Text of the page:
Like many trans people, I am deeply disappointed, and not a little angered, by this outcome. I’m sure that I will have further reflections once we hear the reasons for this decision, but here are my initial thoughts about what has happened and what we can learn from it.
- To be truly welcoming, the Church must be prepared to change
The idea that one can be welcoming to a group of people while not engaging with their specific needs and requests sounds suspiciously like the notion of permitting “maximum freedom” without actually changing the Church’s thinking and practice.
This was the approach, in relation to lesbian and gay people, which was effectively rejected by the General Synod whenit decided not to “take note” of the GS 2055 Marriage and Same-Sex Relationships after the Shared Conversations. People realised that this was not going to work on the ground, and there is no reason to think it will fare any better if applied to trans people.
It is simply not good enough for the Church to claim that it is welcoming when it clearly isn’t. If the Church really wants to be a welcoming place for trans people then it has to be prepared to learn and to change. It’s a matter of first principles: metanoia or repentance. The Church has to turn itself round or, rather, be turned round by God’s grace, in order to be welcoming to all.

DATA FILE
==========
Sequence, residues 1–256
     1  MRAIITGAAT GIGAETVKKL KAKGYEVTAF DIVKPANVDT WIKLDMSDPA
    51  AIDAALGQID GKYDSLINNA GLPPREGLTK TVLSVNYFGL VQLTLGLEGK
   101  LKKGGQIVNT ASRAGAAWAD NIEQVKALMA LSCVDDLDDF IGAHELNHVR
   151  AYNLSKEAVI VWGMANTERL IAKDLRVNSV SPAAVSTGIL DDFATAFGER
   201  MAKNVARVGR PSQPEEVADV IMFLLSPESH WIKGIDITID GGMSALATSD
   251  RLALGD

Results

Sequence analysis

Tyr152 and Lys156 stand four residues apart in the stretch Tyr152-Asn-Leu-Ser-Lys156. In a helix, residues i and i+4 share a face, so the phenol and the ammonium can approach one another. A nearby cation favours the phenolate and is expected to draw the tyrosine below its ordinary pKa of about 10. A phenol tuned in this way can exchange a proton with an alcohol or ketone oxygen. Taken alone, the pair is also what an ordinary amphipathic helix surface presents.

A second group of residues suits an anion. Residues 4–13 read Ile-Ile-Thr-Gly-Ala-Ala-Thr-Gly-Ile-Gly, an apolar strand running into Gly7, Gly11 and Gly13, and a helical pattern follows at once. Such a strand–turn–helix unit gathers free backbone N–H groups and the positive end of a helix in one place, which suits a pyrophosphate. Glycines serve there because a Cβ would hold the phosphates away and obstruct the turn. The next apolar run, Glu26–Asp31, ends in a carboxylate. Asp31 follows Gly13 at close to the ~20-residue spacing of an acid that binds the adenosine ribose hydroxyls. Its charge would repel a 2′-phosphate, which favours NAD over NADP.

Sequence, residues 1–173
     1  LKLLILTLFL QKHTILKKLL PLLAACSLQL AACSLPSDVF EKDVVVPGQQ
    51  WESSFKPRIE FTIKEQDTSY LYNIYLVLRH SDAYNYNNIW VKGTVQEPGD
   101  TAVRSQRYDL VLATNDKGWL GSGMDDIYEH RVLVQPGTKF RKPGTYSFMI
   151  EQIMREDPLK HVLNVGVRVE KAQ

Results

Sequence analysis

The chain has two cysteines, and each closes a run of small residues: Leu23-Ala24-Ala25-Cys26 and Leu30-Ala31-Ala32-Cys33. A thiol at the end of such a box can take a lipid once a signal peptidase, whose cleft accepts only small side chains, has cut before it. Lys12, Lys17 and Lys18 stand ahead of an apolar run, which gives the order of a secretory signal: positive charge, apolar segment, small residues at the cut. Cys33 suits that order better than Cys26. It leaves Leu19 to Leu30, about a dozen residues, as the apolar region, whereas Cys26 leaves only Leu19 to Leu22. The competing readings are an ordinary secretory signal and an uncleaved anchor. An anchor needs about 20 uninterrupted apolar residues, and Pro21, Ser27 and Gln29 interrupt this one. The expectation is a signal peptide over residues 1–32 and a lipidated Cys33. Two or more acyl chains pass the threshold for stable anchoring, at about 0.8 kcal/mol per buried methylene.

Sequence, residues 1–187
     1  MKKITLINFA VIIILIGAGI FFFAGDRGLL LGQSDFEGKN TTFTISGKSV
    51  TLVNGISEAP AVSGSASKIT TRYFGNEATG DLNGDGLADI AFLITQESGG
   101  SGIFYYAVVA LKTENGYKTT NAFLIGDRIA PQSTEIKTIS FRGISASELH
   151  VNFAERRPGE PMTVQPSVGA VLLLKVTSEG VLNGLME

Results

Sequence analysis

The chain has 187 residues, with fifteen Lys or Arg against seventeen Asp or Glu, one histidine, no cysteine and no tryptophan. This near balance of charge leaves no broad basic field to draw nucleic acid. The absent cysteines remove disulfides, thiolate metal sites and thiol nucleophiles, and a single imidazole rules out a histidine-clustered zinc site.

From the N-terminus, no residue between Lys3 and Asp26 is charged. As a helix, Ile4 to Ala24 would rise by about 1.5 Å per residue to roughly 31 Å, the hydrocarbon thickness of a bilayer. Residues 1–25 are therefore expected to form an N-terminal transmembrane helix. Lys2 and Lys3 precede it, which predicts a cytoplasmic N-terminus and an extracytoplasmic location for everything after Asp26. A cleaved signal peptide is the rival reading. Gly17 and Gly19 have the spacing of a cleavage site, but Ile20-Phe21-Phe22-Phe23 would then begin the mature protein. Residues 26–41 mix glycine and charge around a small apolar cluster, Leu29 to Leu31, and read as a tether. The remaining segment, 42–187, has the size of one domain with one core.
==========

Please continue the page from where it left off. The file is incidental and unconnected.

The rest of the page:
2. ‘No more talk about us without us’
This pithy saying is a mantra among those who are stigmatised, marginalised, and often not party to conversations about their needs due to their mental health. It is a line in the sand. Not to attend to the voices of those directly affected is to objectify, problematise, and, often, patronise.
The Blackburn Motion grew from a parish priest’s encounter with a trans person and their willingness to listen. As the motion went through the various synodical stages, it was checked out with trans members of the Church who also contributed to the briefing paper. (This is in stark contrast, I believe, to the briefing paper issued by the Synod’s secretariat prior to the Blackburn Motion debate, which was not, I think, informed by those it most affected).